Demotivation is a killer in the workplace

As a motivational speaker, my work often revolves around addressing the pervasive issue of workplace demotivation

Demotivation is a killer in the workplace

Whether it’s consistently arriving late, delivering only the bare minimum, a lack of focus, or the prevalence of negative comments, we’ve all encountered demotivation at some point in our professional lives.

Consider yourself fortunate if you haven’t, as a Gallup study has unveiled a startling statistic: a mere 15% of workers worldwide feel genuinely engaged in their work. You might wonder, 

Why is this the case?

The answer lies in the insidious nature of demotivation, which can spread through a workplace like wildfire if left unattended. Despite its apparent visibility, demotivation often finds its way into offices, causing a ripple effect of reduced productivity and employee disengagement.

At first glance, they may appear almost indistinguishable, and this misconception leads to a colossal mistake made by many managers who inadvertently conflate the two.

Demotivation often arises from a variety of factors, including a lack of recognition, unclear goals, or even strained workplace relationships. It’s driven by external influences, and it can creep into an otherwise thriving work environment. The result? Decreased morale, diminished productivity, and a workforce that feels disconnected from their roles.

Laziness, on the other hand, is a different beast altogether. It typically reflects an individual’s reluctance to exert effort, even when the motivation is present. This might stem from personal factors or an attitude problem. Confusing demotivation with laziness can lead to mismanagement and the implementation of ineffective solutions.

Here are 4 key pointers to detecting a demotivated (not lazy) employee:

  • A change in an employee’s behaviour
  • A loss of passion 
  • A decrease in work-output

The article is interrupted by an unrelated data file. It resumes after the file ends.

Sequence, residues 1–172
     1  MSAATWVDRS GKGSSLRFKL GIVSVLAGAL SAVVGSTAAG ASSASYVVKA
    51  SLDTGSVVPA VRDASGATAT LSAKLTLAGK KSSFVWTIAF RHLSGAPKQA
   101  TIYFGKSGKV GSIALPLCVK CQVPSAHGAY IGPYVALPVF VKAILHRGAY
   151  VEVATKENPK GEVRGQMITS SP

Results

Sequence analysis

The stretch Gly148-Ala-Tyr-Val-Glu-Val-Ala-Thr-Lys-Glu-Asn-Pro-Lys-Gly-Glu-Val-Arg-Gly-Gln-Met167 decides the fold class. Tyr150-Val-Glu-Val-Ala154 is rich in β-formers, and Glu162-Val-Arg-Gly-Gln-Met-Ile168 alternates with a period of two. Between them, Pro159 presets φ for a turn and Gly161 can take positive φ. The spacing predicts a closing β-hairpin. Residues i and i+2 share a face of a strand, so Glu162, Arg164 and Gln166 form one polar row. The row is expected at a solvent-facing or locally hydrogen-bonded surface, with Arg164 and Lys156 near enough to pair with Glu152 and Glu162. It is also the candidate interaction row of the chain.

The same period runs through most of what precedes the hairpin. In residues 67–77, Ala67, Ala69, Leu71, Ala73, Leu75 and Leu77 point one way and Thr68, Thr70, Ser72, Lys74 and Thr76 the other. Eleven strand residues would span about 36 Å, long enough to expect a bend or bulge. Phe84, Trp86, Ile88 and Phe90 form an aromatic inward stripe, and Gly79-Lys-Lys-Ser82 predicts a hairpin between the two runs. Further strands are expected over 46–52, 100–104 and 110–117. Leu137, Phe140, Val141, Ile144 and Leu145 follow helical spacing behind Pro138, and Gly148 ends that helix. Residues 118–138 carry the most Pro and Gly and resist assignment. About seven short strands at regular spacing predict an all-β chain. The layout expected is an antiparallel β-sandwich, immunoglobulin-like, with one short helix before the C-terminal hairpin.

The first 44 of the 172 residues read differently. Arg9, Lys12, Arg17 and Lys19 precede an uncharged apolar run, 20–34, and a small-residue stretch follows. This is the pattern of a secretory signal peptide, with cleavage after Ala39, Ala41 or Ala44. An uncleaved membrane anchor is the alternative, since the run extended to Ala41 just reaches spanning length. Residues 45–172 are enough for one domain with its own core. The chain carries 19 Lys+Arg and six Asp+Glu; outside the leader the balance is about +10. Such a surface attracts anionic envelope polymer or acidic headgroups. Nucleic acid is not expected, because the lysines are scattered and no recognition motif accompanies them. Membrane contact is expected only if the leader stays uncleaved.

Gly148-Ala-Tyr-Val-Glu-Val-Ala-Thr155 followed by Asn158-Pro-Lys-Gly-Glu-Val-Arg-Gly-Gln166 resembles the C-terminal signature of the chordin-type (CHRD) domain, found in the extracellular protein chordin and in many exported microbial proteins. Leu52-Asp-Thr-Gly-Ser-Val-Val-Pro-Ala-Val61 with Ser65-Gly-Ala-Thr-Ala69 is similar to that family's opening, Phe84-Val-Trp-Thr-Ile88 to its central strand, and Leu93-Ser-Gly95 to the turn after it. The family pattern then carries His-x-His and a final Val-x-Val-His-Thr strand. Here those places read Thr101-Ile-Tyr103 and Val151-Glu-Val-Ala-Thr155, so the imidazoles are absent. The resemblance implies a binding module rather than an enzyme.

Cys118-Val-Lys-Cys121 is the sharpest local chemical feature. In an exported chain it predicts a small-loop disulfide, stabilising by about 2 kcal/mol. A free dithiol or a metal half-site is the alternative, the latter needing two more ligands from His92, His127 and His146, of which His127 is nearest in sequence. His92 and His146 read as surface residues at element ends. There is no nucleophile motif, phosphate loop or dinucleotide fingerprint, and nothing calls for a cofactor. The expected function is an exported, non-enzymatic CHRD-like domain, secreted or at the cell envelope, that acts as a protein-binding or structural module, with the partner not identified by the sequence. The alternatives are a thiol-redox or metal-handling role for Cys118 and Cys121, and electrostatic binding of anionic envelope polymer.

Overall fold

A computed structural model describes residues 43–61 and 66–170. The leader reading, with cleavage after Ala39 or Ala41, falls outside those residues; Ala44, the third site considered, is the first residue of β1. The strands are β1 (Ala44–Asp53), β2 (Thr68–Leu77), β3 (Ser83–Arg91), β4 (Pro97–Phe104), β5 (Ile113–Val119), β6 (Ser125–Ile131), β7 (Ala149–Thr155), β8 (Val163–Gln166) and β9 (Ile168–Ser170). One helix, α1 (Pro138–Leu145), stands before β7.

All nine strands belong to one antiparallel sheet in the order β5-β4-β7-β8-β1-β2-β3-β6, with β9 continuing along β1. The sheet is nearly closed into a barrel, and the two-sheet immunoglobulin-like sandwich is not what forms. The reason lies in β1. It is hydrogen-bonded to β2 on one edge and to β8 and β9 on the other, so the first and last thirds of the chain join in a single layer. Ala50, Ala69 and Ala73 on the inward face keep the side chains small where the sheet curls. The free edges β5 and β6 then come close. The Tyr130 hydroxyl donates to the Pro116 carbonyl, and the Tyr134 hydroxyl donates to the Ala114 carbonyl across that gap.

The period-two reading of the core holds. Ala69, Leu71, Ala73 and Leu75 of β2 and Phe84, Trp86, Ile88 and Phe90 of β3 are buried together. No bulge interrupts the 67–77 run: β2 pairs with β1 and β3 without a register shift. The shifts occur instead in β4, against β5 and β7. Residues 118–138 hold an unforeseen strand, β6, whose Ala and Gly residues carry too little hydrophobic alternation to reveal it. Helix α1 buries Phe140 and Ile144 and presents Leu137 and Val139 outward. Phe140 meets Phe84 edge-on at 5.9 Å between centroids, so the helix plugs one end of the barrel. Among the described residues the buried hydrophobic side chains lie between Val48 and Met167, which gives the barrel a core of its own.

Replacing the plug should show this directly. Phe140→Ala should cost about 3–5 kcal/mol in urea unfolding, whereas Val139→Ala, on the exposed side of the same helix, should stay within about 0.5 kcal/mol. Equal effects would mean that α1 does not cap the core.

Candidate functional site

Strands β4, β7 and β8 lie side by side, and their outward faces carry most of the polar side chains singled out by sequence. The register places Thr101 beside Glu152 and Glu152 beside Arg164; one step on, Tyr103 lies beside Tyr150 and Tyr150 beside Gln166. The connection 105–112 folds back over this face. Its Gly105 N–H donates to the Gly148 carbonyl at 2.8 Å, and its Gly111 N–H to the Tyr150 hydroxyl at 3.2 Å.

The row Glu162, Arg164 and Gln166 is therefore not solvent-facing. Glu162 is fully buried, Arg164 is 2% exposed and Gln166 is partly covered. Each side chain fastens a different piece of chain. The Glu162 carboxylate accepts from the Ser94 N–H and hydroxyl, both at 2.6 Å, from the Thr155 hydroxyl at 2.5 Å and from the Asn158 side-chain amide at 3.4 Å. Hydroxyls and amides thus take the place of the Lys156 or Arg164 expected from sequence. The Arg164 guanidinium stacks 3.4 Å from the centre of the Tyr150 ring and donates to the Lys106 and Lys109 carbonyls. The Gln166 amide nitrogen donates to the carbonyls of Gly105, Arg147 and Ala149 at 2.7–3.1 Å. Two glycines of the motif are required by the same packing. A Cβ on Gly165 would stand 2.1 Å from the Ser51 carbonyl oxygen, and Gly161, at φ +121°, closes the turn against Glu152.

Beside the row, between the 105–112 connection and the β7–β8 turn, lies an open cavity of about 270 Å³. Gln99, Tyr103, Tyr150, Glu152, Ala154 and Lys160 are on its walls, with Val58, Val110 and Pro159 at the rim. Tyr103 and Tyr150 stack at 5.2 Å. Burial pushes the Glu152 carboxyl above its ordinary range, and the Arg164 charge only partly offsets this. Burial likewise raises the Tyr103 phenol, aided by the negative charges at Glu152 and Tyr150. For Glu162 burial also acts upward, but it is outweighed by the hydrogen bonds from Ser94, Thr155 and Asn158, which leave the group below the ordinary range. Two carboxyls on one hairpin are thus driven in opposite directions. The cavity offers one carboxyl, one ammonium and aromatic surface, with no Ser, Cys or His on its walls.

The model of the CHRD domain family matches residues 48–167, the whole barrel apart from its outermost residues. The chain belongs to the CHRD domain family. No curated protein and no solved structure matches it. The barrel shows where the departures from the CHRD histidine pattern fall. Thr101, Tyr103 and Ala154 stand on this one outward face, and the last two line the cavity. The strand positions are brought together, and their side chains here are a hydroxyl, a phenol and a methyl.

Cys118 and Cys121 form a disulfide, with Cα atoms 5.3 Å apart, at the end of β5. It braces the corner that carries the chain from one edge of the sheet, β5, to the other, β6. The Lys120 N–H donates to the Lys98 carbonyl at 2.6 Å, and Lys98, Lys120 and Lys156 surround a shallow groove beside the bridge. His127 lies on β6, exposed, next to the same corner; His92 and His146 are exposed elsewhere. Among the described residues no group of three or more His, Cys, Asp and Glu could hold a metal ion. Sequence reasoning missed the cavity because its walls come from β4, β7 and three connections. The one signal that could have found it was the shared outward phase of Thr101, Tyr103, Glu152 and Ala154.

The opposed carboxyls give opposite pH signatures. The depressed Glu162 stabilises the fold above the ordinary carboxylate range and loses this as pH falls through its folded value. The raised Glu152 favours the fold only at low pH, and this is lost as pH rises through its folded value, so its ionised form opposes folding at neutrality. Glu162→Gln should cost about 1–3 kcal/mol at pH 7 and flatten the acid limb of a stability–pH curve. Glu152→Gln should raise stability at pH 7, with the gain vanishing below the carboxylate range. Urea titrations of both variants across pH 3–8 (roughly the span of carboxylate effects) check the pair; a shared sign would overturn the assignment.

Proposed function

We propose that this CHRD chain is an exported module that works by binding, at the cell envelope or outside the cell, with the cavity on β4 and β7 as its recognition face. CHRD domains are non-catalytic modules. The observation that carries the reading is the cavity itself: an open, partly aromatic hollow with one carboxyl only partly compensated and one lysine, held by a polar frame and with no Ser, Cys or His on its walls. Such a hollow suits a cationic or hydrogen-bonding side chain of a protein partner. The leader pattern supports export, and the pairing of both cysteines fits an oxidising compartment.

• Increased absence from work 

If you spot any of these in an employee, then you may have a case of demotivation on your hands. Lucky for you, we have some top tips to get the ball of motivation rolling again: 

Master their motivators 

As a leader, knowing what motivates your team is so important. Finding out what gets your team (as individuals and as a whole) out of bed in the morning can really help you to engage them more in the workplace as well as help them to feel valued and respected. 

Frequent feedback! 

In the words of Ken Blanchard, ‘feedback is the breakfast of champions’. Offering your team regular feedback and recognising when they are SMASHING IT! will really help to motivate your team. 

Promote progression

Most employees will want the opportunity to progress in their job roles, and when this isn’t available, they are likely to lose motivation. Promoting job progression and training courses can help to switch things up and increase motivation in the workplace.

Be a guide

As a team leader, the morale, productivity and motivation of your employees lies in your hands. An incredibly shocking statistic from Totaljobs shows us that half of UK workers quit their jobs due to poor relationships with their managers. You can increase motivation by making sure that you are supporting your team and frequently interacting with them, which leads me to my fifth and final point…

Communicate effectively

Communication is the glue that holds our workplaces together, when this breaks down, so does everything else. Ensuring that two-way communication is always available and encouraged is a great way to keep motivation at a high! Getting your employees to ask questions and engage in meetings can help them to feel heard at work. 

Implementing these five tips into your workplace can have a huge impact on motivation and engagement. As a leader, your team is your responsibility so ensuring that you are always guiding them to reach their maximum potential is imperative for them and for the business. 

Alison Edgar MBE
Alison Edgar MBE

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